Every now and again, I find someone who believes that carbon dioxide (CO2) emitted by the breathing of humans accounts for the rise of CO2 in Earth’s atmosphere. After all, there is a direct and powerful correlation between the rise of the human population and the rise of CO2 in the atmosphere during the past few decades. And human numbers are still increasing rapidly, so it makes sense that more CO2 is emitted from humans each year. Maybe fossil fuels are the wrong culprit.
Others believe that human bodies must provide a significant storage (or sink) for atmospheric CO2 following the same reasoning—more people, more human mass.
Let’s look at the facts:
There are now about 7 billion people on Earth, with an average weight of 70 kilograms. Multiplying these two values yields about 500 billion kilograms, or about a half a billion metric tons of human body mass globally. The human body is about 65% water, so the dry mass of humans is about 0.2 billion metric tons. About 50% of the dry mass of a human is carbon, so the carbon content of all humans is about 0.1 billion metric tons.
By comparison, all the vegetation on Earth contains about 560 billion metric tons of carbon, so humans are a relatively small reservoir of carbon. We have enormous impacts on the biomass and productivity of vegetation, but the rise of the human population, and thus its mass, stores only about 0.01% of the carbon dioxide released each year from fossil fuel combustion.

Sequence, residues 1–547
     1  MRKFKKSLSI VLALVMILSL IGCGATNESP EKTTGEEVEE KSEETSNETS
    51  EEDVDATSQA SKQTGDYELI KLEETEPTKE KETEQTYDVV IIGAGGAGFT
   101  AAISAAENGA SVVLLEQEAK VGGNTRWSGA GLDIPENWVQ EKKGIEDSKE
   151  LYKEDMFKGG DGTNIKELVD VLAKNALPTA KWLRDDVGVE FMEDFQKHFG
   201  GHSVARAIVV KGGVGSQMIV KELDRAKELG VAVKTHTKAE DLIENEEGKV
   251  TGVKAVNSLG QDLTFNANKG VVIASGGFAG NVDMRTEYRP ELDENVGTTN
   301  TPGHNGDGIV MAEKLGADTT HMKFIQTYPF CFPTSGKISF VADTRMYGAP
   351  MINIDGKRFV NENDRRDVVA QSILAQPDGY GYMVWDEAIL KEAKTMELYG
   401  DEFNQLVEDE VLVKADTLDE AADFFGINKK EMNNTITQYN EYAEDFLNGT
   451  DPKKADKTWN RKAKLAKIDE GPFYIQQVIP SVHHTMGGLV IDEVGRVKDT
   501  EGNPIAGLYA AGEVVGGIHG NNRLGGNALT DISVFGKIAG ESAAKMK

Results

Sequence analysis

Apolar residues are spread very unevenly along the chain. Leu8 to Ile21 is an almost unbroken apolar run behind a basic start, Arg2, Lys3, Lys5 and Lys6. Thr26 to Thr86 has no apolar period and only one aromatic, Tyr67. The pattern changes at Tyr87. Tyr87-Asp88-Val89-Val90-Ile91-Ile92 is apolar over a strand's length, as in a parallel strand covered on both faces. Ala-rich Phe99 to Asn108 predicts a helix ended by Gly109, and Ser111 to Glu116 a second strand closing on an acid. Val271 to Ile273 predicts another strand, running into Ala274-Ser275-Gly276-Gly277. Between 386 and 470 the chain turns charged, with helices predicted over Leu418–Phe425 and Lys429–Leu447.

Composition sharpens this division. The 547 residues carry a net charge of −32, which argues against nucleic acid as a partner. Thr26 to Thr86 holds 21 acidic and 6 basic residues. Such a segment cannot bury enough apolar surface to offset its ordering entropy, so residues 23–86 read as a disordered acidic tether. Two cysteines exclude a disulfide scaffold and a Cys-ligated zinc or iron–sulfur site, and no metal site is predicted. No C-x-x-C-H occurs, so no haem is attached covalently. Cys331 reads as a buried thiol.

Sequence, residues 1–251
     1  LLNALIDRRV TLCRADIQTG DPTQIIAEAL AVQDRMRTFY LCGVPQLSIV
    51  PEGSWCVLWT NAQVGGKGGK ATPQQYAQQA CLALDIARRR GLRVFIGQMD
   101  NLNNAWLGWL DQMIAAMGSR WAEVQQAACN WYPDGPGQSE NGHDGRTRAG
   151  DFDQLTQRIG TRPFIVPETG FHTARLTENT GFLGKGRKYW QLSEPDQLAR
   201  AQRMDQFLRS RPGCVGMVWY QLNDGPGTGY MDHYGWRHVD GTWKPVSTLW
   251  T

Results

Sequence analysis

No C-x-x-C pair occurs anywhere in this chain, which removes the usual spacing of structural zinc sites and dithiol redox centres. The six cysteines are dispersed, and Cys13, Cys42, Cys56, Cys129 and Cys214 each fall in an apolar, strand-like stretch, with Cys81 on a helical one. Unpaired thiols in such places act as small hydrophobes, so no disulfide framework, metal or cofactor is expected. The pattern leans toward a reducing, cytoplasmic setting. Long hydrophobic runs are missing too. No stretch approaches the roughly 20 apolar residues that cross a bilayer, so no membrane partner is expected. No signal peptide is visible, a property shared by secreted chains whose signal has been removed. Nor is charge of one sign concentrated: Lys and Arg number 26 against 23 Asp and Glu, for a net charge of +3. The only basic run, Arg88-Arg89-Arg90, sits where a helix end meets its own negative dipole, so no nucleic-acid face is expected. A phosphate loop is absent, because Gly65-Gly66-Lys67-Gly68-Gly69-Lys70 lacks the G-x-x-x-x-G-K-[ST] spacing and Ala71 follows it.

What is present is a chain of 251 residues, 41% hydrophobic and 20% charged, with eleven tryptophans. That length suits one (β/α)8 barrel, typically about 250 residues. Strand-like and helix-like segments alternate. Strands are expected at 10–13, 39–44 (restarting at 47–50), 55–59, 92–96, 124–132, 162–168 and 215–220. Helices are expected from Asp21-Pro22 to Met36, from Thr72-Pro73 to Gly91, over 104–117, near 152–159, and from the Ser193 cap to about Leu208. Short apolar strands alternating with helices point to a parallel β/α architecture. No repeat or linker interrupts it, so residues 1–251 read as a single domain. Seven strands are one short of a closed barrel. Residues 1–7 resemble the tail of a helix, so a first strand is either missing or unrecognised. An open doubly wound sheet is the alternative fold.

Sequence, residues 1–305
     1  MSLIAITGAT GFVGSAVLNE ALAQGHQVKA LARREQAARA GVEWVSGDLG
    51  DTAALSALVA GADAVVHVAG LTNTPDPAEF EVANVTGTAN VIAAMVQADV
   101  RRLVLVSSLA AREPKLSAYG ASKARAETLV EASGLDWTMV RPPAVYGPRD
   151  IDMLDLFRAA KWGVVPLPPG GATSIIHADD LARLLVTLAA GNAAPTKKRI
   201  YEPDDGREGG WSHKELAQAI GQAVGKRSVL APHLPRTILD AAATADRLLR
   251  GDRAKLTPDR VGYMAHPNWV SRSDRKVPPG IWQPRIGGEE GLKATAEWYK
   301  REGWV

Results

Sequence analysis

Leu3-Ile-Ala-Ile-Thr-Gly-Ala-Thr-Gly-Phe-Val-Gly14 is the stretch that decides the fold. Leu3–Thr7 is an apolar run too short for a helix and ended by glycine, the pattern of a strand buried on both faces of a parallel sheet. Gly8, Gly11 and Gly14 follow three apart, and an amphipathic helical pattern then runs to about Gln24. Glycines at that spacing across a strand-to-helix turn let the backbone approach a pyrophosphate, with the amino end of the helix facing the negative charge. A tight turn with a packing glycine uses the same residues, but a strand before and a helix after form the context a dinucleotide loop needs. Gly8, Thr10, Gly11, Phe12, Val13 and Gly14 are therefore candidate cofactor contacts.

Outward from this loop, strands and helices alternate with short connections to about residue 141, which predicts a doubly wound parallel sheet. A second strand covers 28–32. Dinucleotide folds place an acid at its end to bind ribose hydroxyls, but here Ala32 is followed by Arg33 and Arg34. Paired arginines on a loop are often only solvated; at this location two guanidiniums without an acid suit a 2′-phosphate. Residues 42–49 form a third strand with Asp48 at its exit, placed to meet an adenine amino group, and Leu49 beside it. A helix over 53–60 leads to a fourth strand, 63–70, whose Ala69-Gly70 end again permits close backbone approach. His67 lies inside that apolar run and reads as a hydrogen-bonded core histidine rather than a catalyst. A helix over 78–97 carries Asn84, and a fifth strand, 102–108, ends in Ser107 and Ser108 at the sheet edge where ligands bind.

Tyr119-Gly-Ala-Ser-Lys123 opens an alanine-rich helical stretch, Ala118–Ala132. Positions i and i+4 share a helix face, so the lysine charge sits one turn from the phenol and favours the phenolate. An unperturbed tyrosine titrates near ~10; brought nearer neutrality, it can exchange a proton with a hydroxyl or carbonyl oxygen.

The average human respires about 93 kilograms of carbon, as CO2, each year. That amounts to about 0.65 billion metric tons of carbon returned to the atmosphere from the global human population. Nearly all of that carbon is obtained from foodstuffs, which removed the CO2 from the atmosphere when they grew. The rise in the human population each year increases the CO2 released from human respiration by 0.007 billion metric tons—about 0.01% of the release from fossil fuel combustion. So human breathing has essentially no direct impact on the rise of CO2 in Earth’s atmosphere, versus the 10 billion metric tons of carbon that we extract from the Earth’s crust and burn, to power modern society.
In sum, it is tempting to think that human respiration—not fossil fuels—is responsible for the ongoing changes in our atmosphere that lead to global warming. But, there is no scientific basis for thinking so.
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Schlesinger, W.H. and E.S. Bernhardt. 2013. Biogeochemistry: An analysis of global change. 3rd. ed. Academic Press/Elsevier, San Diego.
Schramski, J.R., D.K. Gattie, and J.H. Brown. 2015. Human domination of the biosphere: rapid discharge of the earth-space battery foretells the future of humankind. Proceedings of the National Academy of Sciences 112: 9511–9517,
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